January 29, 2014
Transatlantic Relations Program Senior Fellow Adrian Karatnycky is quoted by National Geographic on the underlying divisions fueling the current crisis in Ukraine:

But it's not just about geography or religion. "The biggest divide after all these factors is between those who view the Russian imperial and Soviet rule more sympathetically versus those who see them as a tragedy," says Adrian Karatnycky, a Ukraine expert at the Atlantic Council of the United States.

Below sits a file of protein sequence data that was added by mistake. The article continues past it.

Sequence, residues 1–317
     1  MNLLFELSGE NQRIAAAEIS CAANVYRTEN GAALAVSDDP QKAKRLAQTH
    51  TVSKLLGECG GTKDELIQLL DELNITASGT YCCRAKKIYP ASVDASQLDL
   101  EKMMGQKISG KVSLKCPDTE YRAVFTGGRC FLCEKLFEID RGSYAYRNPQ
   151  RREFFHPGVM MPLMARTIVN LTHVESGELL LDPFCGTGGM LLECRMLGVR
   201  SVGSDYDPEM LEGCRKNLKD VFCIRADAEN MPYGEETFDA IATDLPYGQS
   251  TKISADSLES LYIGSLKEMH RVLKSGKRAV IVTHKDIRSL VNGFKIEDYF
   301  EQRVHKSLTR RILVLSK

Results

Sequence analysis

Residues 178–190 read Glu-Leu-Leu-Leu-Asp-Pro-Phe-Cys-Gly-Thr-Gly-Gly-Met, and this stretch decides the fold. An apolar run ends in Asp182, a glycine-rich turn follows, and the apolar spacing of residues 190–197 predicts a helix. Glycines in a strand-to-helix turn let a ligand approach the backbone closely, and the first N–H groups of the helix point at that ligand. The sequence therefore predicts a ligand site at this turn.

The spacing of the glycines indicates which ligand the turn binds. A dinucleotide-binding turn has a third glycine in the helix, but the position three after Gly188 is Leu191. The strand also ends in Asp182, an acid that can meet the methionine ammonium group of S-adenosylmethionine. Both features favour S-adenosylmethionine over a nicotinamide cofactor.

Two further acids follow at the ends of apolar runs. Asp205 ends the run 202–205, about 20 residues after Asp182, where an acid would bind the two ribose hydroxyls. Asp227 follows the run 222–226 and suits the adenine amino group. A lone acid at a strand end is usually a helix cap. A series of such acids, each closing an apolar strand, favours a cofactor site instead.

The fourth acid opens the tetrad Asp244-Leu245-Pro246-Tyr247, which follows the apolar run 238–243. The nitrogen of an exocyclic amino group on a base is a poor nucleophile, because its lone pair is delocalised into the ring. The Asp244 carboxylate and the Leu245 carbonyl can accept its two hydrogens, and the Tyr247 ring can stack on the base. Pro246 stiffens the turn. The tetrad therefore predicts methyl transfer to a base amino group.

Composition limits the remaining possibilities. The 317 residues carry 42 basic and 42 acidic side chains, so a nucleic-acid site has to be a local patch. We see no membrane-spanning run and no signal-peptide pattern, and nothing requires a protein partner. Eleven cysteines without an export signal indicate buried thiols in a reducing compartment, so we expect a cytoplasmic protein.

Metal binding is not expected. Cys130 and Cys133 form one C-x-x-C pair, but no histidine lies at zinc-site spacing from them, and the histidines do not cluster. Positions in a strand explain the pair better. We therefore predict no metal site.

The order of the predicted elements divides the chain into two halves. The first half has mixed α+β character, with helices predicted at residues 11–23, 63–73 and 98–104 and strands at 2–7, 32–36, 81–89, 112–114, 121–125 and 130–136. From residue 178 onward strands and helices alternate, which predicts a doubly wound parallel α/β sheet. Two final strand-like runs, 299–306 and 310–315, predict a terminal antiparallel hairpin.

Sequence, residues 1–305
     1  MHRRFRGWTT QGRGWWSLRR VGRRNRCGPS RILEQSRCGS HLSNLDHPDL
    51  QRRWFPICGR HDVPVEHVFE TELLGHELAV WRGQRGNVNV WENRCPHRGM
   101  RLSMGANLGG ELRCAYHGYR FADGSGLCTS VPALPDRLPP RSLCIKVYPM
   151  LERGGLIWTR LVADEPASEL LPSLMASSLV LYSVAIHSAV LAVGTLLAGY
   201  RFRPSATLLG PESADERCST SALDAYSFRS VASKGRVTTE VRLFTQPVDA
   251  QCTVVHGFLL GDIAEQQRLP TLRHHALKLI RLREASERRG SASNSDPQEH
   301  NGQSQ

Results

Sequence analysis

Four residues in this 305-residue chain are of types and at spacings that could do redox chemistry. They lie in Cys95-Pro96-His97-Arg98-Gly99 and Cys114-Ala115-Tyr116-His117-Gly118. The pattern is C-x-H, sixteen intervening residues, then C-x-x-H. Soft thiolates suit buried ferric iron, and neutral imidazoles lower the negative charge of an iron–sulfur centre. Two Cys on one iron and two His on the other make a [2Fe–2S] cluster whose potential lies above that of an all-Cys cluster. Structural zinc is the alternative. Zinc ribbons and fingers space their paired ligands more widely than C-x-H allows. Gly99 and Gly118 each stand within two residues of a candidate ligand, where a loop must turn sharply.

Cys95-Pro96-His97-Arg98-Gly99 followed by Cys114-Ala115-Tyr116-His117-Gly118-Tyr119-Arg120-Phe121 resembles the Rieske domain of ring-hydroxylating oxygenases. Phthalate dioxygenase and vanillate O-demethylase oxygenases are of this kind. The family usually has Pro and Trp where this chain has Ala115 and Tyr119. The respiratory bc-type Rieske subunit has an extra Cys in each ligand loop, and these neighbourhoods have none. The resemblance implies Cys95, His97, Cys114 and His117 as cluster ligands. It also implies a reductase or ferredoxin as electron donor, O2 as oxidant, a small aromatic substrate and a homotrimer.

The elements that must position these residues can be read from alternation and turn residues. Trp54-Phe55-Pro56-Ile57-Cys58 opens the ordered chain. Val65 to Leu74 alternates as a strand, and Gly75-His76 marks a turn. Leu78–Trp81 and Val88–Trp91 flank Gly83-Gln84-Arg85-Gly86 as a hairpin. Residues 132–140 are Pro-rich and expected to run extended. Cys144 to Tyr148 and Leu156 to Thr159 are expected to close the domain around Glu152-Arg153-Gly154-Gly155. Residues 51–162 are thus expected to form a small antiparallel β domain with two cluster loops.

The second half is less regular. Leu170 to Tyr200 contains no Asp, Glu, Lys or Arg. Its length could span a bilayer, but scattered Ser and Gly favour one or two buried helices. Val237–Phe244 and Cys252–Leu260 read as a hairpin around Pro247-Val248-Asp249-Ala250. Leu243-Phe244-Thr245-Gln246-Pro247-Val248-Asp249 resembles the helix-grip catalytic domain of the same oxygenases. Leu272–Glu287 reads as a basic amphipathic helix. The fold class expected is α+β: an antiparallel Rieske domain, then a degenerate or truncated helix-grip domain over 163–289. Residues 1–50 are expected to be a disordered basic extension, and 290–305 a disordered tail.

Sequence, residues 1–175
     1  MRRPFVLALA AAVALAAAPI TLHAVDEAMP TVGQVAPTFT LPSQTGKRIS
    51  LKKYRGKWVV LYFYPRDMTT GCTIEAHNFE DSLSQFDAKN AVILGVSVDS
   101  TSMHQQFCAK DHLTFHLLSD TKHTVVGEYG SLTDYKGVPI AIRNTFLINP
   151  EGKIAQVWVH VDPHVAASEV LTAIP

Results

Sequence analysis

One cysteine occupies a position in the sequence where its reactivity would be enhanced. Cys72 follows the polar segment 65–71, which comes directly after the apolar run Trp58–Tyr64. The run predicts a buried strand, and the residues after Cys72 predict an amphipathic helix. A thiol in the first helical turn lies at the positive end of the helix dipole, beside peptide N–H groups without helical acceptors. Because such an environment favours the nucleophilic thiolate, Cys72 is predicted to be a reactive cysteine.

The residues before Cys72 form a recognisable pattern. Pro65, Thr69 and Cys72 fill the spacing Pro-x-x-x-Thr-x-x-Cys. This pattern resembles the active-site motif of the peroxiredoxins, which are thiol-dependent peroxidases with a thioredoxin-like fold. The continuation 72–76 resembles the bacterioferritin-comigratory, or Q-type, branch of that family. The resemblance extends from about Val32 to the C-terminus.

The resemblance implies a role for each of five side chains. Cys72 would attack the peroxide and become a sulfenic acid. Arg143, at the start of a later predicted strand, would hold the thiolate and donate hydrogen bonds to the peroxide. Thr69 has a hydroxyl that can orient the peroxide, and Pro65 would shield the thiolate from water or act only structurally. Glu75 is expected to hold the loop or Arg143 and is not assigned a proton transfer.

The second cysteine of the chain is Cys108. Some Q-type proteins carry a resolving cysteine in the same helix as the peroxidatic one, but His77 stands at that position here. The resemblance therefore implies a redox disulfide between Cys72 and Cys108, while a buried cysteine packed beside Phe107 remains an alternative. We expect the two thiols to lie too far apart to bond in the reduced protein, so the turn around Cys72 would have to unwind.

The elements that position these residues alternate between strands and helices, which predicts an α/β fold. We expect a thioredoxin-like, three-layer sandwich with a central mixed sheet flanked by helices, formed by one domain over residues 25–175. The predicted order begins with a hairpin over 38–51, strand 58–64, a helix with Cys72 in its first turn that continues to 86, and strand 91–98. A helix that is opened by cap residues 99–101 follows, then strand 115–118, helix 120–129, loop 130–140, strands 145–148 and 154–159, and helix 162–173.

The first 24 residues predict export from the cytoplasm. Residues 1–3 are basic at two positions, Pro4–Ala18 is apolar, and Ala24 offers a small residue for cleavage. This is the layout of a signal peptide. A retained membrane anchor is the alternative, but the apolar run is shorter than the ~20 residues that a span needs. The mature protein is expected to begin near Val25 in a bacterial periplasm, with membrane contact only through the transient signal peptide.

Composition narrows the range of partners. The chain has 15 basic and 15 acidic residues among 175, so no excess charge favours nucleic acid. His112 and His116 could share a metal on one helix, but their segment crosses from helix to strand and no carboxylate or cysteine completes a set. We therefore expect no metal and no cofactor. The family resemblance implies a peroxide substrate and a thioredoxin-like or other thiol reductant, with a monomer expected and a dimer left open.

At first there were no such divisions. In the ninth century, Ukraine, known as Kievan Rus, was becoming the early seat of Slavic power and the newly adopted Orthodox religion. But Mongol invasions in the 13th century curtailed Kiev's rise, with power eventually shifting north into Russia to present-day St. Petersburg and Moscow.